Airlines will pay price for punitive new tariffs
A 15-year legal battle between unrepentant rivals, Airbus and Boeing, is developing into a bare knuckle trade war with one definite outcome – more expensive aircraft. Associate editor and chief correspondent, Tom Ballantyne, reports.
Last month, the U.S. introduced import tariffs on $7.5 billion of European goods. Read More » They included a 10% duty on commercial aircraft manufactured by Airbus, Boeing’s principal competitor. The imposition of the tariffs followed a World Trade Organization (WTO) ruling that Airbus had received discounted European government loans for its big jets, most notably the A380.
And that will not be the end of the matter. In an earlier decision, the WTO decided Boeing also had received illegal subsidies. In early 2020, it will announce tariffs Europe can impose on the U.S. as a result of the WTO ruling on Boeing.
French economy minister, Bruno Le Maire, warned the U.S. action would have serious repercussions. “Europe is ready to retaliate, of course in the framework of the WTO,” he said.
“These decisions will have very negative consequences from both economic and political points of view. Coming on top of the ongoing trade war between the U.S. and China, this new skirmish adds difficulty to an already fragile global economy, including those in Asia.”
The Airbus and Boeing legal battle began in 2004 when the U.S. accused Britain, France, Germany and Spain of providing illegal subsidies and grants to support the production of Airbus products. A year later, the European Union (EU) alleged that from 1989 to 2006 Boeing had received US$19.1 billion in prohibited subsidies from various U.S. government agencies.
In the largest and longest running case the WTO has handled, the U.S. has sought permission to apply tariffs on nearly $11 billion of EU goods. Brussels is arguing for tariffs approaching $10 billion on American goods. The U.S. tariffs go beyond aircraft. They also have been applied to French wine, Scotch whisky, handbags and cheese.
Wine from France, Spain and Germany will attract tariffs of 25%. Germany’s chancellor, Angela Merkel, said the decision would weigh on the European aviation group, one of the country’s largest industrial employers.
For crisis-ridden Boeing, European retaliation for the U.S.tariff decision means its aircraft will be more expensive. Additionally, the EU has opened an “in-depth investigation” into the U.S. group’s 80% acquisition of Brazil’s Embraer commercial aircraft business. The investment is intended to eliminate an important threat to Boeing, the world’s biggest planemaker.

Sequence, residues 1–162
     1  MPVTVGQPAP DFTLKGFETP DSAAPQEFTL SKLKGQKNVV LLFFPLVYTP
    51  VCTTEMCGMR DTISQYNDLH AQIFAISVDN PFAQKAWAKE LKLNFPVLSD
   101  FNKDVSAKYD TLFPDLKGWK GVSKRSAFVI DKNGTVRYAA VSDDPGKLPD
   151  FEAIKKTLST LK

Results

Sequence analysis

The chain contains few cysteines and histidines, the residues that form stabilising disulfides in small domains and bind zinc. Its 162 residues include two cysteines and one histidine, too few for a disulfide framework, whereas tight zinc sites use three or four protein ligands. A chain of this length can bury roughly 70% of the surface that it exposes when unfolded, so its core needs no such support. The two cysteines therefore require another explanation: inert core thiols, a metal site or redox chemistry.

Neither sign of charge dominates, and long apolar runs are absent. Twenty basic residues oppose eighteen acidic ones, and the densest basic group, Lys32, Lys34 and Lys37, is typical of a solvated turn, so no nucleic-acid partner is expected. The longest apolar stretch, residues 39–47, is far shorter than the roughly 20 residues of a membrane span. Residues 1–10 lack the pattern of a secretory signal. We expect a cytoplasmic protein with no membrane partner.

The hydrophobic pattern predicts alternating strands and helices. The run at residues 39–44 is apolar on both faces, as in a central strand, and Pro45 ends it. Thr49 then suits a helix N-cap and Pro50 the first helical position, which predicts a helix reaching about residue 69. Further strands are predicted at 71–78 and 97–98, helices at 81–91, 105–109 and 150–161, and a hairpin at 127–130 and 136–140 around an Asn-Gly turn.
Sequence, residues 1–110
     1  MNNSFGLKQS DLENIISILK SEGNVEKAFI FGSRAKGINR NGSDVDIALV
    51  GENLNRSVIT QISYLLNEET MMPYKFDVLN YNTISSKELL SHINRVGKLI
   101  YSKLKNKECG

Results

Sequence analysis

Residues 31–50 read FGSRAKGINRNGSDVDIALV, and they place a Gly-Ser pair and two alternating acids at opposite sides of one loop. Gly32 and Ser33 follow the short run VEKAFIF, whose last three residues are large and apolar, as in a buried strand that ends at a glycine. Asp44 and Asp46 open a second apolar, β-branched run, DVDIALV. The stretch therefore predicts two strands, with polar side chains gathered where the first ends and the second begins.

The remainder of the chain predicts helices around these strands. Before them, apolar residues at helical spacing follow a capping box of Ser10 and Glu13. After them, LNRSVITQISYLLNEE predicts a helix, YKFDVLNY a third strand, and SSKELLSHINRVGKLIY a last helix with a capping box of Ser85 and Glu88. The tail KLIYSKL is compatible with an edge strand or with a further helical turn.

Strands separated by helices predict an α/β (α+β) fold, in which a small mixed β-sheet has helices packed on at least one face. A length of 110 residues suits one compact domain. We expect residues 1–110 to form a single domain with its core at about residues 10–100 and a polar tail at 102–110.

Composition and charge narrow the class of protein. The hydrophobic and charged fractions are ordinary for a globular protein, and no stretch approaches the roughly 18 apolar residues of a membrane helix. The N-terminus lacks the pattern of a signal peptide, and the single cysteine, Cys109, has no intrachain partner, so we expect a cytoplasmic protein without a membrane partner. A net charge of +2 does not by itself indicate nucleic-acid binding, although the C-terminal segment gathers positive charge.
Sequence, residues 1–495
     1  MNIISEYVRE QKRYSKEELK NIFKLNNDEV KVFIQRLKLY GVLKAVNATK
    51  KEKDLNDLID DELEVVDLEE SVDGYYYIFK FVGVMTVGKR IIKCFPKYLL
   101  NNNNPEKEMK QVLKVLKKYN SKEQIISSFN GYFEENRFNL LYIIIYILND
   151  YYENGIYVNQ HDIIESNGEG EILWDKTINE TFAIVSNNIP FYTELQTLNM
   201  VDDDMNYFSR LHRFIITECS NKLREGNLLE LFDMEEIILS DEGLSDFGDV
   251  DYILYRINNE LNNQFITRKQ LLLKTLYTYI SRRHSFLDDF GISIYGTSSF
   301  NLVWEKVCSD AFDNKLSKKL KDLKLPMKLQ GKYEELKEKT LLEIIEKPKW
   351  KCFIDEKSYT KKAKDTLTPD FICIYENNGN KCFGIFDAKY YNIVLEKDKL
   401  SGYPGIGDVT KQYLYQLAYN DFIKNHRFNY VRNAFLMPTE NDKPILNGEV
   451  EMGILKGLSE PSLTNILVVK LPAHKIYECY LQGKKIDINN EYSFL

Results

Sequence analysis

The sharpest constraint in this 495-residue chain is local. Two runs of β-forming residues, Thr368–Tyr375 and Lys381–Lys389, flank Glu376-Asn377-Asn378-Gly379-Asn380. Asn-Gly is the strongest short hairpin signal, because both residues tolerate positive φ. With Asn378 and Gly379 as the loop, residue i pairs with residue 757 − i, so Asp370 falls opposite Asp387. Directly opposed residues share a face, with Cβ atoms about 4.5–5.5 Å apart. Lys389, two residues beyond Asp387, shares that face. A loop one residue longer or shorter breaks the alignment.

The deal with Embraer is planned to conclude in early 2020, but it could be delayed by this new scrutiny. EU regulators can influence mergers and often can force companies to sell part of their businesses to eliminate anti-trust concerns.
The EU is worried the deal would “remove Embraer as the third largest global competitor” to both Boeing and Airbus, which “may therefore result in higher prices and less choice” for airline customers.
Boeing’s takeover of Embraer’s commercial jet and services business is aimed at widening it’s appeal in the regional jet market via Embraer’s E-Jet family. Importantly, the investment improves its competitive position after Airbus took majority control of Bombardier’s CSeries aircraft, now known as the A220.
European authorities said they did not see any potential rivals from China, Japan or Russia that could replicate Embraer’s competition with Airbus and Boeing in the next five to 10 years. They added the Brazilian company was a “small but important competitive force” for bigger 100-225 seat aircraft. “Despite Embraer’s comparatively small market share, it seemed to exert some price constraint on market leaders, Boeing and Airbus, even beyond the boundaries of the lower 100-150 seats segment,” the EU said.
On the wider U.S.-Europe tariff front, in July EU officials offered to call a truce on subsidies for the airplane makers if both sides would admit fault and curtail state aid. Washington rejected the olive branch.